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Gary Forhan N269VE

Airworthiness Date: Unknown
Builder:                     George Morris
Serial#:                     DM0269
Accident:                   07/31/2008

Sadly this aircraft has been lost, a double fatal in St. Augustine, Florida. News accounts can be found here and here.269VE was up for sale, and this flight was apparently to show it to a prospective customer. It went down in a swamp. For more information check out the accident page or NTSB.'


N269VE - Asking $76,000 2002 Velocity 173RG S/N: DM0269 Total Time: 203.00 (Fresh Annual)


Signatronics SPA 400 E.I. Fuel Computer I.F.R. Capable Including: Terra TX 760D Comm Terra TN 200D NAV Terra TRY 200D Transponder Apollo SL60 Navaid - Auto Pilot

Textron Lycoming: IO-360-C1E6 S/N: L-4548-51A

MT-Propeller MTV-12-B-230 S/N: 98236

Here is the initial report on the accident.

"ST. AUGUSTINE, Fla. -- The owner of an aviation company and another man were killed Thursday afternoon when the plane in which they were traveling went down just after takeoff from the St. Augustine Airport.

St. Johns County Sheriff's Office Sgt. Chuck Mulligan told WJXT that both men on board the aircraft died when it went down in a marsh just east of the runway at about 2:45 p.m.

The pilot was identified as Gene Powers, of St. Augustine. The identity of the second man has not been released. Click here to find out more!

Powers was the owner of Wind Dancer Aviation, which provides maintenance service for planes at the St. Augustine Airport.

The crash of a Velocity -- a kit-built aircraft -- occurred on airport property between the runway and the marsh. Witnesses said heavy weather was passing just north of the airport about the time the plane went down.

Rescuers had to wade through chest-high mud to get to the wreckage.

Wind Dancer Aviation's Web site showed a 2002 Velocity RG for sale, and Channel 4's Jennifer Bauer was told by airport officials that Powers was taking the plane for a prospective buyer to see when the plane crashed.

Airport officials said Powers was an experienced pilot with commercial certification.

Powers friends said his passion was flying and he could always be found at the airport.

"(He was) very outgoing, very friendly, very knowledgeable, very good, experienced commercial pilot," said St. Augustine Airport assistant manager Brian Cooper. Velocity RG for sale Wind Dancer Aviation lists this 2002 Velocity RG for sale. According to its Web site, the plane had 203 hours total time and it had just had its annual inspection.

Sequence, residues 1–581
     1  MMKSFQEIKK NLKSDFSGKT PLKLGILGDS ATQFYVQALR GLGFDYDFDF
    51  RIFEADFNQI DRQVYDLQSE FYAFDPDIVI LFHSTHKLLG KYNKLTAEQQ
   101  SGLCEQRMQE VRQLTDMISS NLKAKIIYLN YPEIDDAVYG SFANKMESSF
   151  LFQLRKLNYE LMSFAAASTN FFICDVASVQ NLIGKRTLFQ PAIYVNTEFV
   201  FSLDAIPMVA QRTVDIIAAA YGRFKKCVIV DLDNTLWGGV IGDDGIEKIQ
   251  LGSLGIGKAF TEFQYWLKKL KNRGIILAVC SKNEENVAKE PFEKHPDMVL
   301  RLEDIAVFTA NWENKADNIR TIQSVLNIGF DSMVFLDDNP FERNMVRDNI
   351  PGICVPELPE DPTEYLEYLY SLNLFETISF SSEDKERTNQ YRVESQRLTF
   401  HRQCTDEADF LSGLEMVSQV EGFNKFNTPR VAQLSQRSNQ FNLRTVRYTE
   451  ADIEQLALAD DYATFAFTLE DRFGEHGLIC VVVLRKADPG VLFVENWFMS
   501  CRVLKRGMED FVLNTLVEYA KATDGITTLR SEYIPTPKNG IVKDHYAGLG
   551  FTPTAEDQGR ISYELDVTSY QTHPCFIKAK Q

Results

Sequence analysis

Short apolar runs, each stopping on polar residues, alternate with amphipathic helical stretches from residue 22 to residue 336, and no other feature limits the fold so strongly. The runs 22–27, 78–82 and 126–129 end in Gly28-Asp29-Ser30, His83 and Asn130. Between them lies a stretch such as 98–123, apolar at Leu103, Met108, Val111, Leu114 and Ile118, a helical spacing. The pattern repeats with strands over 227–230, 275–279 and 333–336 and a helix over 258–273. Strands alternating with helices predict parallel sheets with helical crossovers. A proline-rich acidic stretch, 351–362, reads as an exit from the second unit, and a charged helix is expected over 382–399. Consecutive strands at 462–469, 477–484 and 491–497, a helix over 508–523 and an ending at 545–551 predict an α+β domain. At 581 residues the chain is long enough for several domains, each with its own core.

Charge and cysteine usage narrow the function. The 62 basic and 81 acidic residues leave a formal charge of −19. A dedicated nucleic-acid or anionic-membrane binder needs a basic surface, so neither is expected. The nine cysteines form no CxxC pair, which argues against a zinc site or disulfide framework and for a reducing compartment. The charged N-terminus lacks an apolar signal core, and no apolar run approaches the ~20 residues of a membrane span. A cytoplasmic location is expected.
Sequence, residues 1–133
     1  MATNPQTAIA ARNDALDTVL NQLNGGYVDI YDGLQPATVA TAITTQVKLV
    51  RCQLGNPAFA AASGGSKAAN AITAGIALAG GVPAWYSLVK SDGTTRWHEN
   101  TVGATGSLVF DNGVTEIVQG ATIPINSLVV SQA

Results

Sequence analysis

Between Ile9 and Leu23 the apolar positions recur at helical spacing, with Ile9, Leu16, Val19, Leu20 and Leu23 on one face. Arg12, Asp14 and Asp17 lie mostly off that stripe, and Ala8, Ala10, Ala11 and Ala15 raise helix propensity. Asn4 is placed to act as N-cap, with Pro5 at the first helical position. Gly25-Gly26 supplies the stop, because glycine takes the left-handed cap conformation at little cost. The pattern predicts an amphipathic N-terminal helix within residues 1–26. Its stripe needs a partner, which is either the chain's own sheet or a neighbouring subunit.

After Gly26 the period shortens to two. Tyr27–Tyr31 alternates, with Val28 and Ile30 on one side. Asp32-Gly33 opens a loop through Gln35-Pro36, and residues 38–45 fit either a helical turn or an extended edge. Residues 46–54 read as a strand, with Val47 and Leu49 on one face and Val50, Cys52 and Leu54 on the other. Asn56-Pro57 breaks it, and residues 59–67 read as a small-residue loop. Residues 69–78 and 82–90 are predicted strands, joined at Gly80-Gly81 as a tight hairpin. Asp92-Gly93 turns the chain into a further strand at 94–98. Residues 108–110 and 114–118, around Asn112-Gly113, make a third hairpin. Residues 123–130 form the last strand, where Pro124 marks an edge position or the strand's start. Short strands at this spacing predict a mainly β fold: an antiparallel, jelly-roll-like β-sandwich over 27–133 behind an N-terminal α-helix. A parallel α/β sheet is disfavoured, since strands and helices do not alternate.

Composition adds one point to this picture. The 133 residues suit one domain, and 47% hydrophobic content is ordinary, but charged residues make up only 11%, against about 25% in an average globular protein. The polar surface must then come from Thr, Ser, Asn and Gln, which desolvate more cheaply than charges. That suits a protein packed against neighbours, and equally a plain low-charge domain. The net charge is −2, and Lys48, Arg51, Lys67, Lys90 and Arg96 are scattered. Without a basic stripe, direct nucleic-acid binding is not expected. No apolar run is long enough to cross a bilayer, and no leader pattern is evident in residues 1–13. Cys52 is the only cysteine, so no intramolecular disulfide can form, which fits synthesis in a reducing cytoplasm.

Powers began his career in Operation Desert Storm while serving with the 82nd Airborne Division. That's why Cooper said he was puzzled at why Powers and another pilot ended up losing their lives.

"I've flown with him. He's flown my airplane. He was very experienced … a more than adequate pilot," Cooper said.

Authorities said the plane was owned by George Morris, of Orange Park.

Airport officials said the plane took off traveling south, but they said once the aircraft got about 200 or 300 feet in the air, it took a turn, appeared to have a control issue and ended up in the marsh.

"It wasn't a smooth takeoff. The plane seemed to be bouncing. I guess it got up just a little bit, and then it went nose first into the marsh," said Maria Canepa, who works at the airport.

Scott Baker, president of Velocity Aircraft, said there are about 500 of the company's planes flying and there's never been a single crash blamed on the aircraft.

"It is inherently a very strong aircraft. It's not a fragile aircraft by any means," Baker said. "Certainly when pilots find themselves in hazardous weather, like thunderstorms, controllability comes into question."

"I would be shocked if there is any pilot error involved in this crash. Knowing the pilot, I just can't believe that it would be pilot error," Cooper said.

In addition to local investigators, the National Transportation Safety Board and the Federal Aviation Administration were notified of the crash. Since the crash involved a fatality, the NTSB is expected to do an on-site investigation."